Ubisoft’s upcoming open-world hacker vigilante game Watch DogsÂ sounds like a very ambitious endeavor. As protagonist Aiden Pearce, players can explore an alternate version of Chicago where just about anything that uses the central operation system (ctOS) – be it ATMs, cars, traffic lights, phones, laptops, security cameras or keypads – can be hacked, and Aiden can use his hacking skills to learn basic information about anyone who passes him in the street. This means that he spends much of the time looking at his smartphone, so he probably ends up walking into a lot of lampposts.
Hacking isn’t a new element in gaming, of course, but it’s usually relegated to minigames like the “Pipe Dream” hacking mechanism in BioShock. In Watch Dogs the hacking will be the most prominent gameplay mechanic and the most powerful weapon that Aiden has against both criminals and cops, with shooting and car-stealing taking something of a back seat. However, since computers in the real world experience bugs and glitches, fictional computer systems within a game being played on a real computer system are twice as susceptible to glitches – that’s just science.
Therefore, as a means of ironing out the rough edges of Watch Dogs and ensuring that the game runs properly in release, Ubisoft has released a statement explaining that Watch Dogs has now been delayed until spring 2014. Written by the Watch Dogs development teams, the statement explains:
“We struggled with whether we would delay the game. But from the beginning, we have adopted the attitude that we will not compromise on quality. As we got closer to release, as all the pieces of the puzzle were falling into place in our last push before completion, it became clear to us that we needed to take the extra time to polish and fine tune each detail so we can deliver a truly memorable and exceptional experience.”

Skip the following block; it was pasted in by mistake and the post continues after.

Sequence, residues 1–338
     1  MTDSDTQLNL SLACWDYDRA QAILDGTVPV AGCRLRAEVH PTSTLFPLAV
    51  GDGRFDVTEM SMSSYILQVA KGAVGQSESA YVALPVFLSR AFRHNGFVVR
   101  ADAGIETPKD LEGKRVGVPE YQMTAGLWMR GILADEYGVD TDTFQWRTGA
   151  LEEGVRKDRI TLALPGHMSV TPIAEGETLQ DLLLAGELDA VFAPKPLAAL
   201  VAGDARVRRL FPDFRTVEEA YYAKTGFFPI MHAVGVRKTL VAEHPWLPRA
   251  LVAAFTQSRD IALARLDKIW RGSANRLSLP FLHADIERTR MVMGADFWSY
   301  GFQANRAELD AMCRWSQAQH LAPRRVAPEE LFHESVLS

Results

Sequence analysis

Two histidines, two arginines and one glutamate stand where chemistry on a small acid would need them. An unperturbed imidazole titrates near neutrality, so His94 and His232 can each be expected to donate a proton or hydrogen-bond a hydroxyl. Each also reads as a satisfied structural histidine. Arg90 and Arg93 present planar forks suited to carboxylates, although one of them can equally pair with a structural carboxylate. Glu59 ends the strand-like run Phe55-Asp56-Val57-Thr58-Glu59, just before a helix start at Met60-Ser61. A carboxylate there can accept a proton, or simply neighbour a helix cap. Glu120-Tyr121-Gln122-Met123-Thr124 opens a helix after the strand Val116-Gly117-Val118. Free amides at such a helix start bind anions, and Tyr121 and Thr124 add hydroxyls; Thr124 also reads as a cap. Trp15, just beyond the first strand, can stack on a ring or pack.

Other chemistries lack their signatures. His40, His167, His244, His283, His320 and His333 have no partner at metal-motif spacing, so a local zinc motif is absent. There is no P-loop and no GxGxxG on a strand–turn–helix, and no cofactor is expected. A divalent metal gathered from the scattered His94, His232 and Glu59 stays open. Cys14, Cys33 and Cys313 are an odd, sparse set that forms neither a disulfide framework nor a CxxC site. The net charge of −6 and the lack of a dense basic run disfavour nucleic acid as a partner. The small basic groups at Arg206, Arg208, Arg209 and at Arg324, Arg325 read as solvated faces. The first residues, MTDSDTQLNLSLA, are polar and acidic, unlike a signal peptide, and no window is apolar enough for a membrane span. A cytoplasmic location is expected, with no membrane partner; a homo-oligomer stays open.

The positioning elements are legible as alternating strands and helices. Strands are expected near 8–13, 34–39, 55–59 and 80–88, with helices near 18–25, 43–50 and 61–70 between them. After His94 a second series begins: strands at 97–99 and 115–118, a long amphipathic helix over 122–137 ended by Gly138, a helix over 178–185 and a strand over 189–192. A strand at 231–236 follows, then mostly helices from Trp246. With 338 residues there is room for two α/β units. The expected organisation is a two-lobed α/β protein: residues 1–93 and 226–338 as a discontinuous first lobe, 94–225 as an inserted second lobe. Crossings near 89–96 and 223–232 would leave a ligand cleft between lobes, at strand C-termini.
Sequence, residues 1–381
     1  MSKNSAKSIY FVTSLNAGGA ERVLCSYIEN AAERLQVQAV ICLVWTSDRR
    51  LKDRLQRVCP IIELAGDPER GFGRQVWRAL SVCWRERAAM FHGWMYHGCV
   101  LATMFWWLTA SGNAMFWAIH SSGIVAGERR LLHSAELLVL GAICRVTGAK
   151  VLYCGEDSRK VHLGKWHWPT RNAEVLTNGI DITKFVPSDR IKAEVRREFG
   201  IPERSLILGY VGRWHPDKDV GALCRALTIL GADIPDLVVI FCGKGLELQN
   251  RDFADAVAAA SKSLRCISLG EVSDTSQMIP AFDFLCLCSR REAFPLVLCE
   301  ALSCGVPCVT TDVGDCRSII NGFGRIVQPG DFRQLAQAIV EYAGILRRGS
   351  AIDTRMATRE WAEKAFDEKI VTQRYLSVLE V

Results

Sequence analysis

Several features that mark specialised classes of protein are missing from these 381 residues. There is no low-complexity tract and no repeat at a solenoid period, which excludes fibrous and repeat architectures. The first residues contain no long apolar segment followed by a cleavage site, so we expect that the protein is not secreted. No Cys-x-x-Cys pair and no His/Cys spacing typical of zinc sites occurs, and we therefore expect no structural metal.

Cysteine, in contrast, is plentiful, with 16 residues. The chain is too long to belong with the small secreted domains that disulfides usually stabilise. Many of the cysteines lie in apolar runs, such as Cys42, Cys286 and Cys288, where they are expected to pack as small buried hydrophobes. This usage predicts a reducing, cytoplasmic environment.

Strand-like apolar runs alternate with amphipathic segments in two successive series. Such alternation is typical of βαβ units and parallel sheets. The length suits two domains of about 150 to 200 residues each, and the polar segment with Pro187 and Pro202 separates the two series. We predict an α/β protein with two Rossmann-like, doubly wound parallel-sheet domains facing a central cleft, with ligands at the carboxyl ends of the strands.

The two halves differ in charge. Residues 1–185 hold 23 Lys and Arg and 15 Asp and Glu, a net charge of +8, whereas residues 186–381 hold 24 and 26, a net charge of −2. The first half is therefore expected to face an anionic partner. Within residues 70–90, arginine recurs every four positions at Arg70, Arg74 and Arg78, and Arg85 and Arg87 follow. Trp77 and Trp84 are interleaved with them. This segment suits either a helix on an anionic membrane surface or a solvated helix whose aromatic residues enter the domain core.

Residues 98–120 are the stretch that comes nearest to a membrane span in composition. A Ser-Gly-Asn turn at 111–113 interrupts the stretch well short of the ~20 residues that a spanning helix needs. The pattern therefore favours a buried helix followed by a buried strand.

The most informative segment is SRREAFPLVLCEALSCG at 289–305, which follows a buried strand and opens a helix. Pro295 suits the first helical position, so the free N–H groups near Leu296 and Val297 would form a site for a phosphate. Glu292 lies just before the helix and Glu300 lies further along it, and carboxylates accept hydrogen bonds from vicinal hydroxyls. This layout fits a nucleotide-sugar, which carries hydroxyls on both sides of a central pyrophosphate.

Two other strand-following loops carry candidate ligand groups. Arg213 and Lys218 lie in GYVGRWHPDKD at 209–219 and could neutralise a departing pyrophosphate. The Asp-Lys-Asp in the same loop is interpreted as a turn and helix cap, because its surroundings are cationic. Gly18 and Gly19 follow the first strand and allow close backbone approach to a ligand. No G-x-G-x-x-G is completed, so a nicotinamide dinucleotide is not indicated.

While this might be disappointing for those who were looking forward to playing Watch Dogs soon, the developers do offer some decent justification for it. Anyone’s who’s ever bought a game on day one only to find it full of bugs, glitches and unfinished elements knows how badly this can spoil a first playthrough, and holding off on the release is probably a lot better than the “ship now, patch later” approach. Now that the developers have been given a few extra months to work on polishing and fine-tuning, however, Watch Dogs had better run smoothly when it finally arrives.
There are other factors that probably bolstered Ubisoft’s decision to delay. As the first game in a planned franchise and a next-gen launch title, Watch Dogs needs to sell a lot of units in order to strongly establish the new property, and its former release date would have meant competing with Ubisoft’s other upcoming sandbox game, Assassin’s Creed IV: Black Flag. The Assassin’s Creed series is actually a good cautionary example of why Watch Dogs‘ extra months in development could be a positive sign, as Assassin’s Creed III in particular felt a little unfinished when it was rushed out only a year after Assassin’s Creed: Revelations.
Tell us in the comments if you think the delay is justified, or if you think that Ubisoft should have pulled Watch Dogs together in time for the original November release date.
Watch Dogs will be available for PC, PS3, PS4, Xbox 360 and Xbox One in spring 2014.